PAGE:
Let me suggest something about a slightly different type of team: a medical team (because that is where I work). These come in different sizes and shapes, from a MASH unit to the Mayo Clinic. I suspect what allows a medical team to function well is when everyone has confidence in their own area of expertise, but also knows which areas of expertise his/her teammates cover. We know the orthopedic doctor gets to set the bone but won’t prescribe the heart medications, and so forth. This may not pertain as much to a running team, but the analogy is not void of all meaning.

  5. joan

    Eric, and others …
    I think all great teams need different gifts from different persons (or personalities). Like that wonderful passage in the Bible about parts of the body contributing to the whole (St. Paul, I think), all teams – be they athletic or medical – need balance. I am reminded of the Seven Aspects of Sisterhood and the roles of Priest, Warrior, Healer, Storyteller, etc. Which are you? Take the test and see!

    from Romans 12:4-10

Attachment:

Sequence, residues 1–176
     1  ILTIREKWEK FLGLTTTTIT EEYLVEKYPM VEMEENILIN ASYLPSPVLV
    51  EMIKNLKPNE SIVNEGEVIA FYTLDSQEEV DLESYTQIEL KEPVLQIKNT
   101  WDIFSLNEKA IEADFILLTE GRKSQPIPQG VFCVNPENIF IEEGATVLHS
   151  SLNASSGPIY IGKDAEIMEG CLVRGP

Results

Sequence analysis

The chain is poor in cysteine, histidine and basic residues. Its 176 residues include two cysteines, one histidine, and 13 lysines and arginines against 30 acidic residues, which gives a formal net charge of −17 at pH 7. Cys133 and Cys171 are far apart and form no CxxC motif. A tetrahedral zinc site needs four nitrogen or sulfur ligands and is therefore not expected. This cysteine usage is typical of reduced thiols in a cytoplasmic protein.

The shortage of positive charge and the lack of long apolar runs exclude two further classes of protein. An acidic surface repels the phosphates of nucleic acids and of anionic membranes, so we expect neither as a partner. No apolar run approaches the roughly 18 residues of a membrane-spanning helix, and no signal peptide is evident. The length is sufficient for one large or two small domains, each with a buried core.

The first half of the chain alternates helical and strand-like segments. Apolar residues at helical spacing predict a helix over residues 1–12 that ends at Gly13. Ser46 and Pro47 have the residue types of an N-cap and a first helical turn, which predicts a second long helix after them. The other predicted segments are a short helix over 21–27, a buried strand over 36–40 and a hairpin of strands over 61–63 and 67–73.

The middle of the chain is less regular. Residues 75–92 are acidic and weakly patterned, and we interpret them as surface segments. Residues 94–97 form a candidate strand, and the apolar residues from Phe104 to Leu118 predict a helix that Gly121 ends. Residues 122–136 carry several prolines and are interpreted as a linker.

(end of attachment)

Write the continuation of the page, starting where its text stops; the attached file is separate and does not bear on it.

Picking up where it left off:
Just as our bodies have many parts and each part has a special function,

    5 so it is with Christ’s body. We are all parts of his one body, and each of us has different work to do. And since we are all one body in Christ, we belong to each other, and each of us needs all the others.

    6 God has given each of us the ability to do certain things well. So if God has given you the ability to prophesy, speak out when you have faith that God is speaking through you.

    7 If your gift is that of serving others, serve them well. If you are a teacher, do a good job of teaching.

    8 If your gift is to encourage others, do it! If you have money, share it generously. If God has given you leadership ability, take the responsibility seriously. And if you have a gift for showing kindness to others, do it gladly.

    9 Don’t just pretend that you love others. Really love them. Hate what is wrong. Stand on the side of the good.

    10 Love each other with genuine affection, and take delight in honoring each other.

  6. Alexis

    The different gifts and personalities remarks are great to read. Sometimes when you are in a specialized field or all with distance runners, you forget about diversity. Confidence expressed throgh communication really is important! But since you have people with different gifts and various experience levels, it is important to have mentor-mentee relationships on teams. I always found it helpful when more experienced runners encouraged me, and I try to encourage newcomer runners also.

  7. Hieronymous